1. You may use any type of compass that you prefer in this activity. As for the magnet, it's highly recommended for you to use either a bar magnet or a disk magnet.
  2. Test your compass to make sure that it functions properly. In most cases, the red needle of the compass would usually point North while the blue one points towards South.
  3. In case you don't know the direction of your geographic North, you can always determine the North needle of your compass by going outside during noon, where the sun will be at the highest point in the sky.
  4. Place the compass as flat as you could on the palm of your hand. Make sure that the South needle points directly towards your body.
  5. Pay close attention to the position of the needles. If you're located somewhere in the North equator, the North needle of your compass should point towards your body and vice versa.
  6. After you've determined the direction of your North and South pole, place the compass on a table.
  7. Ensure that the table is not magnetized, and keep away any metal objects to prevent any false readings.
  8. Even simple objects such as a pocket knife and keychains could interfere with the reading of your compass.
  9. Place the magnet on the table. Bring your compass close to one end of your magnet to determine its polarity.
  10. Look at the needle of your compass. If the North needle of your compass point towards the magnet, this means that you have the South pole of the magnet and vice versa.

Can There Be a Magnet That Only Has One Pole North or South?

Currently, there's no magnet that only has one pole as all of the magnets in this world have a North and a South pole. So far, physicists are trying their best in the Large Hadron Collider (LHC) located in Geneva, Switzerland, to search for a magnetic monopole. However, up to this day, they have no concrete evidence that could prove the existence of a magnetic monopole.

However, scientists in London Centre for Nanotechnology (LCN) have recently discovered a piece of evidence that might be able to prove the existence of magnetic monopoles in nature. There are two papers that these scientists write that could help shed some light on magnetic monopoles.

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A magnetic monopole is a magnetized version of a charged particle such as electrons that many scientists have tried to discover for the last 70 years. The magnetic monopoles that these scientists have discovered are not the ones that could change everything; rather, the ones that could provide us with some clues to the future of magnetic monopoles.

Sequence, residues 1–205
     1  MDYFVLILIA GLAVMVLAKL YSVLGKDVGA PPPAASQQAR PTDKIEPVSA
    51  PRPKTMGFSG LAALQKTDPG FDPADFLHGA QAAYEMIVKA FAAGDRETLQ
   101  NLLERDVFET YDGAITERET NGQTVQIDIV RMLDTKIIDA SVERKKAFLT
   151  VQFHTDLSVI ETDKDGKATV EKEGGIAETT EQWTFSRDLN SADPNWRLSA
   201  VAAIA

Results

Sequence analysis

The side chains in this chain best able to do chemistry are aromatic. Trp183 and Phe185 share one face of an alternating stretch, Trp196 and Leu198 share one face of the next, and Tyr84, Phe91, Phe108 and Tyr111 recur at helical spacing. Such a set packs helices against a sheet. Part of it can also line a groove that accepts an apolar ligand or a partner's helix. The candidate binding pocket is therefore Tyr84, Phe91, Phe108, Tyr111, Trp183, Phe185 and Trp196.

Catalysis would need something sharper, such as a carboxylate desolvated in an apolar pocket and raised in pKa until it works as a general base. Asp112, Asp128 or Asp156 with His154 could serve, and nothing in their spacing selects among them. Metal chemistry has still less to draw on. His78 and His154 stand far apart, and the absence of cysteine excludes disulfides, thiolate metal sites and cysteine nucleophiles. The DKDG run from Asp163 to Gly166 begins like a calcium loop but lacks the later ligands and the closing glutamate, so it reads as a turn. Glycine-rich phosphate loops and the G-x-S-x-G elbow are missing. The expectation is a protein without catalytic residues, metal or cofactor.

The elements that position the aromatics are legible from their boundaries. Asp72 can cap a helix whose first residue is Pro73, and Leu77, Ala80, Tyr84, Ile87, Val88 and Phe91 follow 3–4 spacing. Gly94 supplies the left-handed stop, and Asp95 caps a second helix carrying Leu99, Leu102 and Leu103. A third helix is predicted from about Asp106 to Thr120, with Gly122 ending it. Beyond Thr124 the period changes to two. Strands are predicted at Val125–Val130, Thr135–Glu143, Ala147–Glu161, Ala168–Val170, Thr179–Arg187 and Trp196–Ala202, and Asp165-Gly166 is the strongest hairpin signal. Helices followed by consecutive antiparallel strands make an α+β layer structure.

The magnetic monopoles that the scientists have discovered, instead of exists everywhere in the universe, could only be found in a special type of material known as thin ice. These magnetic monopoles can be visualized as the South and North poles of a magnet that is free to float anywhere within the thin ice.

The scientists in the LCN utilized a new type of neutron scattering method to map the world where the monopoles are currently living. All of these have been made possible thanks to the latest tweaks to the experimental instruments at the Institut Laue-Langevine (ILL). Furthermore, since ILL received many sponsorships from the UK government, they have managed to help scientists in LCN to boost the speed of their research and developments.

ISIS is another UK research facility responsible for the production of subatomic particles known as muons. These muons will then be used to act as a probe for the magnetic monopoles. Specifically, in this experiment, the scientists have successfully measured the charge of the monopoles, and they have found that it was the same as the one that was predicted theoretically.

Aside from providing huge positive impacts to the world of fundamental physics, these monopoles can be harnessed the same way as how electrical charges were harnessed in the past. However, discovering a magnetic version of electricity is still far from reality, but these recent discoveries surely provide us with a good start.


Magnets are complicated and there is still a lot we don't know about them. New research is being done and new information is constantly being discovered. As of now, there is no concrete evidence of a magnet with more or less than one pole, but there are scientific groups looking for clues of its existence. For now, all I can say is every magnet we've come across has a north and south pole and it all comes down to the magnetic field created by the earth and the effect it has on the smaller magnets found on the planet.